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heterosexualism lugones.pdf

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María Lugones


formation is that without this history, we keep on centering our analysis on the
patriarchy; that is, on a binary, hierarchical, oppressive gender formation that
rests on male supremacy without any clear understanding of the mechanisms
by which heterosexuality, capitalism, and racial classification are impossible to
understand apart from each other. The heterosexualist patriarchy has been an
ahistorical framework of analysis. To understand the relation of the birth of the
colonial/modern gender system to the birth of global colonial capitalism—with
the centrality of the coloniality of power to that system of global power—is to
understand our present organization of life anew.
This attempt at historicizing gender and heterosexualism is thus an attempt
to move, dislodge, complicate what has faced me and others engaged in liberatory/decolonial projects as hard barriers that are both conceptual and political. These are barriers to the conceptualization and enactment of liberatory
possibilities as de-colonial possibilities. Liberatory possibilities that emphasize
the light side of the colonial/modern gender system affirm rather than reject
an oppressive organization of life. There has been a persistent absence of a
deep imbrication of race into the analysis that takes gender and sexuality as
central in much white feminist theory and practice, particularly feminist philosophy. I am cautious when I call it “white” feminist theory and practice. One
can suspect a redundancy involved in the claim: it is white because it seems
unavoidably enmeshed in a sense of gender and of gendered sexuality that issues
from what I call the light side of the modern/colonial gender system. But that
is, of course, a conclusion from within an understanding of gender that sees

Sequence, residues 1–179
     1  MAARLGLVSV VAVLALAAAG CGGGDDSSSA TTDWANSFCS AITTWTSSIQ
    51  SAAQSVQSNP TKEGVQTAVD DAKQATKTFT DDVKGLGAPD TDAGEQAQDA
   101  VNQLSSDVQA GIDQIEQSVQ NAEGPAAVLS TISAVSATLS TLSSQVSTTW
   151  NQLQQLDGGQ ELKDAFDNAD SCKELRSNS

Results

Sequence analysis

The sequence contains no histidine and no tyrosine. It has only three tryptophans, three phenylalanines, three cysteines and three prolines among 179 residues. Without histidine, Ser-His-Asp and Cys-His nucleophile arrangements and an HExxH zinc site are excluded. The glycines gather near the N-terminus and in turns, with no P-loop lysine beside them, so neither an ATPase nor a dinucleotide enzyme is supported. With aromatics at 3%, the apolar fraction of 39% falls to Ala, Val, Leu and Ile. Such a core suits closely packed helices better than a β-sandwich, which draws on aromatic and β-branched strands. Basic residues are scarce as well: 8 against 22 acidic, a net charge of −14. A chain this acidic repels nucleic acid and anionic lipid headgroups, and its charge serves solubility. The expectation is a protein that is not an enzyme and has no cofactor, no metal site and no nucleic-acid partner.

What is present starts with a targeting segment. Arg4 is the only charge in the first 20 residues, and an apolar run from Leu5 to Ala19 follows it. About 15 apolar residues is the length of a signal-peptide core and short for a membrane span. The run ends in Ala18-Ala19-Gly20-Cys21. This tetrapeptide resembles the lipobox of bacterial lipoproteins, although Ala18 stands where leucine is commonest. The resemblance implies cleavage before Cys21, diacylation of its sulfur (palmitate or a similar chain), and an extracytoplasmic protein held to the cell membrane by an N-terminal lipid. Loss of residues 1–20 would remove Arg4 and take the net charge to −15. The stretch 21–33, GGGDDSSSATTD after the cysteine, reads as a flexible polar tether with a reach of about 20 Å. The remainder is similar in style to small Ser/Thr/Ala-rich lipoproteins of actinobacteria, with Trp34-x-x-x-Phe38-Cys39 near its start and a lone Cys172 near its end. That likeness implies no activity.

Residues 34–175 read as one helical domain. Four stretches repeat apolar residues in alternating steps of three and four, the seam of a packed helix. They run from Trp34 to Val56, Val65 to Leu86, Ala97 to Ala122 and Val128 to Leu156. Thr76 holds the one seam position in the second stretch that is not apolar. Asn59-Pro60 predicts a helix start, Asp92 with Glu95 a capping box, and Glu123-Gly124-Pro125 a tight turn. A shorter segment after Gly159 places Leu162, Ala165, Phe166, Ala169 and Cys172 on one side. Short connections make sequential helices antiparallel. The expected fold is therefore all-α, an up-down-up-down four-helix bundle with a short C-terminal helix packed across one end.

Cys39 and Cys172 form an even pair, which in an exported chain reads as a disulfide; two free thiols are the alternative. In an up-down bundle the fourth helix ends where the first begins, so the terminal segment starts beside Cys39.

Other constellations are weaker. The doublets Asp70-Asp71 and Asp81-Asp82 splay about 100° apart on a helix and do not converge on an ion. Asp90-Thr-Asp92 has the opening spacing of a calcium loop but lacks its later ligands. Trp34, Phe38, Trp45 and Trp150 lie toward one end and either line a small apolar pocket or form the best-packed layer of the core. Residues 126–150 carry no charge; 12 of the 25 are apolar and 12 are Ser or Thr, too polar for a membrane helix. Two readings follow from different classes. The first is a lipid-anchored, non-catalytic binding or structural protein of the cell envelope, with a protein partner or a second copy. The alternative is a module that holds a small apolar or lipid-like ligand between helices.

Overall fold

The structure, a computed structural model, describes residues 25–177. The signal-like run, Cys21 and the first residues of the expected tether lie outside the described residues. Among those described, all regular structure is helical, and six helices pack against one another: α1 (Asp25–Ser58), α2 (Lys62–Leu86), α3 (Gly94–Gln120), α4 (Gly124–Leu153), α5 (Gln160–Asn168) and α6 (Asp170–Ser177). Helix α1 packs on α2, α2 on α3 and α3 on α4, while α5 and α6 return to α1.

it as a colonial concept. Yet, I arrive at this conclusion by walking a political/
praxical/theoretical path that has yet to become central in gender work: the
path marked by taking seriously the coloniality of power. As I make clear later
in this essay, it is also politically important that many who have taken the
coloniality of power seriously have tended to naturalize gender. That position
is also one that entrenches oppressive colonial gender arrangements, oppressive
organizations of life.
So, on the one hand, I am interested in investigating the intersection of race,
class, gender, and sexuality in a way that enables me to understand the indifference that persists in much feminist analysis. Women of color and Third World
feminisms have consistently shown the way to a critique of this indifference
to this deep imbrication of race, gender, class, and sexuality. The framework I
introduce is wholly grounded in the feminisms of women of color and women
of the Third World and arises from within them. This framework enables us to
ask harsh but hopefully inspiring questions. The questions attempt to inspire
resistance to oppression understood in this degree of complexity. Two crucial
questions that we can ask about heterosexualism from within it are: How do we
understand heterosexuality not merely as normative but as consistently perverse
when violently exercised across the colonial modern gender system so as to